Words have meanings. Consent means consent.The social contract loyalists are applying the notion of consent when it does not exist. They are unilaterally applying it to me as an individual against my will. They are telling me I have consented when I have not. Black is white. War is peace. Welcome to Newspeak, the official language of statists of all stripes.

My overall point is not that government is always illegitimate. It was asked "what justifies the government if not a social contract?" It is not about "justification." I summed up:

I am simply agreeing with George Washington: "Government is not reason; it is not eloquent; it is force." The only thing keeping any government in place is force or the threat of force. That is an undeniable fact. Let's not gloss over it. Statists come up with all kinds of nonsense to justify that use of force, but even if it is justified, it is still force.

Whenever forms of government are discussed, the discussion is actually "when is the use of state sanctioned force justified?" Right now, today, how many U.S. citizens would pay taxes in support of the federal government but for the threat of jail? Some. I submit a small percentage of those currently paying income taxes would still do so without the threat of a federal agent eventually coming to your house with a gun. Most would not. That is force.

Is it justified? That is a different conversation. I say it is not.

When is government force justified? Definitely to stop criminals, to try those of accused of crimes and to punish those convicted of crimes; definitely to enforce contract and property rights; definitely to defend the state's sovereignty from outside attack; definitely.... well, after that, it starts to become a bit dicey.

Is government force justified to feed the poor? Absolutely not. I may have a moral obligation to feed the poor, but that is a personal obligation. I submit mankind is generous and charitable. The statist, like Thomas Hobbes, believes us mere common men are beasts that need to be controlled by our betters in government. They, of course, believe they are our betters. If the statist is right, and it the forcible taking of money from one to give to another is justified, lets be honest about it: The government act is neither generous nor charitable - it is theft. The statist then justifies the act of theft by calling it "compassion." I'm just calling "bullcrap" on the Newspeak. Let's call it by its proper name.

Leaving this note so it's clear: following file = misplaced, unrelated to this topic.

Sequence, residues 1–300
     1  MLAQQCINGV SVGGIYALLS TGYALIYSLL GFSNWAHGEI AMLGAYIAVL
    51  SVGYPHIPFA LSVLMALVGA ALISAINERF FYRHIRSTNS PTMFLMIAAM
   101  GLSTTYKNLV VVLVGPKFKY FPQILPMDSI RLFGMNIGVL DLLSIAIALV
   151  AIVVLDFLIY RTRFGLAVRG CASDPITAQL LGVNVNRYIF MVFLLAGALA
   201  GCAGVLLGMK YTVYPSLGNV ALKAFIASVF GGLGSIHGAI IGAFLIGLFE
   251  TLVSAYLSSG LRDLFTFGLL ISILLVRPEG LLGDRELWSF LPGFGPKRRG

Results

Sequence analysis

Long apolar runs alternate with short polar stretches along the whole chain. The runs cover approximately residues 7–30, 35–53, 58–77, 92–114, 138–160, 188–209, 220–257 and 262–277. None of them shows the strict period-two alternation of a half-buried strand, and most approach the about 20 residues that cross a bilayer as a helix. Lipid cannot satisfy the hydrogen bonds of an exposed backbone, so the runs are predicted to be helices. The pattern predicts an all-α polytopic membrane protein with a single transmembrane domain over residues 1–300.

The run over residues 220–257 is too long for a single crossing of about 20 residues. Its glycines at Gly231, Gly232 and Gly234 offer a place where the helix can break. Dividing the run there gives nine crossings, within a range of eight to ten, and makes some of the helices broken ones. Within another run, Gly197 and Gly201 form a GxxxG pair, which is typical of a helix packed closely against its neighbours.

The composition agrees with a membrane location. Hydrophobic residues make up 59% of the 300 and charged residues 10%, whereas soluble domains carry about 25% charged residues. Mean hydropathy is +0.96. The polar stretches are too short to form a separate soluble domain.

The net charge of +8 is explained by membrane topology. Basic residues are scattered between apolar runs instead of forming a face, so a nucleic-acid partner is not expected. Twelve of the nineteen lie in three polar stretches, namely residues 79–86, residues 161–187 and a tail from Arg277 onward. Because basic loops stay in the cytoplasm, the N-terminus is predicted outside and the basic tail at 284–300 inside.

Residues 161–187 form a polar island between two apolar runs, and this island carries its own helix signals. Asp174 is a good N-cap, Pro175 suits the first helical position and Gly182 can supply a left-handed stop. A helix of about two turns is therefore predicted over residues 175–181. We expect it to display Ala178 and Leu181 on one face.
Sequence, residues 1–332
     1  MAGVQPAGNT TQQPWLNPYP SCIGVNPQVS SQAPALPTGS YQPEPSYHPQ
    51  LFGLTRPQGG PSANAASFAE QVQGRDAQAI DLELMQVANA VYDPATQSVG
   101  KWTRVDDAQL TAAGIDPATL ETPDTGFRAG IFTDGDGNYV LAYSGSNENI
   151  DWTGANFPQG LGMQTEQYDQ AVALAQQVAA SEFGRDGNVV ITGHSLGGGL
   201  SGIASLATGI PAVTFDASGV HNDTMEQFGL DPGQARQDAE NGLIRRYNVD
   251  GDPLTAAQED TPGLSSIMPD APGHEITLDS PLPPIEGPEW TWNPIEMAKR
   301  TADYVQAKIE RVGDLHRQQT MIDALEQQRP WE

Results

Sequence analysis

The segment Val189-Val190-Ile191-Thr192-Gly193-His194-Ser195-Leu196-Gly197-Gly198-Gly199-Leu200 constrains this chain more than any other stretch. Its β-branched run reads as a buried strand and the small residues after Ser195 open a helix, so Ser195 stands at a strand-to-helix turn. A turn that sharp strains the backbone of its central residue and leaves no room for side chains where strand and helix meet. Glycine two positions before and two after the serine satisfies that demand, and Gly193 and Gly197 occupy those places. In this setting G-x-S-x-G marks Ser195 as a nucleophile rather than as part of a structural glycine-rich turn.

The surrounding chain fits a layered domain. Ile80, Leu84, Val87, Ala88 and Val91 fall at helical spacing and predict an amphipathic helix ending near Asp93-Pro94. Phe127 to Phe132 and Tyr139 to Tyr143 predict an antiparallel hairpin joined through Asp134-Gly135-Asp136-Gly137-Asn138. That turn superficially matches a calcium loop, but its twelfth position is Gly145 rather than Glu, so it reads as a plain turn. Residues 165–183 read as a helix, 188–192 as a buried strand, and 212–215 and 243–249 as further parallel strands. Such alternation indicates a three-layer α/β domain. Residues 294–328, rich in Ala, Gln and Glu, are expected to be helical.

Sunday, March 13, 2011

Progressivism is not Christian.

by David K. Williams, Jr.

A.

One of my adamantly "progressive" Facebook friends recently said opposing universal health care is "unchristian." It is not an uncommon charge.

The accusation, however, shows both a fundamental misunderstanding of economics and Christianity. The economic fallacy is that universal health care will result in universally better health care. This assumption is belied by recorded history. That, however, has been widely explained. This post is not about the economics.

This post is about Christianity. Jesus' summed up his teachings in Matthew 22:36 - 40. He was asked by a Pharisee "what is the greatest commandment in the law?" Jesus replied:

“‘Love the Lord your God with all your heart and with all your soul and with all your mind. This is the first and greatest commandment. And the second is like it: ‘Love your neighbor as yourself.' All the Law and the Prophets hang on these two commandments.”

Consider Jesus' answer the Cliff's Notes on all of Christianity. In sum, Jesus said to be Christian is to "love God" and "love your neighbor."

This is where progressives get lost. They mistake Jesus' command for us to "love our neighbor" with a command to make OTHERS love their neighbor. See, progressives want to take other peoples' money - via forcible taxation - and give it to their neighbor. That's not what Jesus said.